While I didn’t get the chance to actually mess around with the level editor itself, because I’m usually incredibly terrible at stuff like that, I decided to sample some of the higher rated levels that were already released. I got to the game a few days after the DLC was released, and already the amount of levels were in the thousands, which is insane .I downloaded a few pages worth of levels to see how crazy people are.

They’re pretty crazy.

The standout is called 12 Angry Tests, a 7 level long saga featuring 12 or so puzzles, finally ending in a straight up boss battle against the defective turret. It’s fucking crazy how well produced these levels are, especially for showing up within the first few days of the editor even being available. My brain can’t actually process it, and I love that.

There really isn’t much to this section other than ‘guys you really need to play 12 Angry Tests’, I played a lot more from the first few pages of the top rated section, and yeah a lot of them are really well done. Puzzles that would rival some of the harder stuff from the main game, even a few that I honestly couldn’t figure out and ended up skipping. Considering the only problem I had with the main game was the puzzles weren’t that hard, this DLC fills that void with abundance. The idea that now any time I load up Portal 2 there are an impossible number of new puzzles to play is both scary and amazing, and I can’t wait to actually sink some time into contributing levels myself.

Eiyuu*Senki

So my love for Sengoku Rance is rather well known, and I would honestly put it as one of my top 10 games I’ve ever played. Naturally, when I stumble across a game and the only information I have on it is it’s a “Sengoku Rance clone”, my ears perk up and I immediately buy it. That’s how I came across Eiyuu Senki, and man, was that the best decision I’ve ever made.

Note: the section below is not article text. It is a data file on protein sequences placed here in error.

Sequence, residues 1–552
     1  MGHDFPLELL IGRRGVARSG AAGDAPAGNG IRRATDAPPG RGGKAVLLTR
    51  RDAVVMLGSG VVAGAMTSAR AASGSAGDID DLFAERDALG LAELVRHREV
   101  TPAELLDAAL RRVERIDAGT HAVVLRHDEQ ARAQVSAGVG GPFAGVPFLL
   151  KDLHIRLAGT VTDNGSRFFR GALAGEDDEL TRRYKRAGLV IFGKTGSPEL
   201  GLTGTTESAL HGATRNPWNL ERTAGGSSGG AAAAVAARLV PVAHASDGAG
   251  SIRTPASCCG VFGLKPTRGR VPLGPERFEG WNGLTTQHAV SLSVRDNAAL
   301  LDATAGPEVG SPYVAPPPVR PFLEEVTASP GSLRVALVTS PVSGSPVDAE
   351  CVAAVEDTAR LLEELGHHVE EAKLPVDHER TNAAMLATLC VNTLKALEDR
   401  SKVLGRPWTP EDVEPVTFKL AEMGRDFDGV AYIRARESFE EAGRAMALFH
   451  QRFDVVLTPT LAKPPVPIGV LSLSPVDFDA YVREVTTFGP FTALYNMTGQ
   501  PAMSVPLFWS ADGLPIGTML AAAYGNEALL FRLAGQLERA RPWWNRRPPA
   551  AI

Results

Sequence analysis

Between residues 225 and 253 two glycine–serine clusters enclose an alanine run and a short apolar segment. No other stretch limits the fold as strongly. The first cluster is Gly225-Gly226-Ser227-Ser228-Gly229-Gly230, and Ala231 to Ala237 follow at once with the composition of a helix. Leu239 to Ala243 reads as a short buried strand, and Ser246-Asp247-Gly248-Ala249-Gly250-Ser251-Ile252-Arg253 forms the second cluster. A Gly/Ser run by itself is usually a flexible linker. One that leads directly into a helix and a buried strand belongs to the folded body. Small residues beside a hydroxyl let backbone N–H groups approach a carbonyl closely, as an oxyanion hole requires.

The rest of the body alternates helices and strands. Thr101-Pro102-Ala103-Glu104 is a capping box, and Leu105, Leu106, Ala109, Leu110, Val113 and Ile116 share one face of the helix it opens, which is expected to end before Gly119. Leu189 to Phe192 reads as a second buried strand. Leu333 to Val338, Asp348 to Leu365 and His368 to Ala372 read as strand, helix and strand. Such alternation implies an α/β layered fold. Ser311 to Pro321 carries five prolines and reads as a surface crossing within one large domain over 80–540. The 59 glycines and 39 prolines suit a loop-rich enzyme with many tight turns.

The story is rather straight forward, you control a rather Rance looking dude called Chihaya (though the name can be changed) on a quest to take over the world. To do this, Chihaya teams up with a girl called Yamato through a series of events. Once you take over Japan, Yamato betrays you and splits, leaving Chihaya to take over the world himself... or something. To be honest that’s about as much as I could understand of the story, given that it’s still entirely in Japanese. Whatever, I’m pretty sure that’s close enough. After Yamato splits, King Arthur shows up and forms a pact with Chiyaha, so that he won’t take over Hong Kong. Chihaya then continues his quest for world domination, starting with the rest of Asia.

You may have noticed I referred to King Arthur as ‘she’ in the last paragraph, and that’s one element of the game that is completely insane. Every country is ruled by various leaders or important figures from that country’s past. The UK is ruled by King Arthur and the knights of Camalot, Europe is ruled by Napoleon, Nero & Ceaser, America is ruled by Christopher Columbus and Geronimo. All fair enough, the mishmash of history has been done before, but in this game, all the characters are Japanese girl versions of said people.

This is a rather insane thing, trying to re-imagine these leaders (and in some cases really fearsome leaders like Ivan the Terrible) as Japanese girls, but I think it’s so insane that it makes the game that much more hilarious. After all, Nero is a magic girl. That’s just silly.

Since this was described as a Sengoku Rance clone, there is gameplay here too, and it’s a lot of fun. Each side has a 3x3 grid that can hold up to 6 commanders. Each commander takes turns in attacking and so on and so forth until one side wins. Positioning in a big part of the strategy as each commander can have different classes. Chihaya can attack to columns in front of him and in any of the three rows, gun units like Columbus and James Cook can attack only in the row they’re in, archers have a much larger range, and so on. After every attack each team gets a small amount of brave balls, which build up to allow magic attacks. Also each attack will net brave balls depending on the amount of damage it inflicts. Magicians such as Copernicus can heal using this bar, and most commanders will have super attacks that use the majority of this bar. Attacking works similar to Sengoku Rance in that, each commander’s health is also their power, as it actually indicates their army’s size. On top of that each commander has their own strength, speed and defence stat, which can be boosted by equipping items. Each turn nets more money, which can be used to increase the size of a commander’s armies.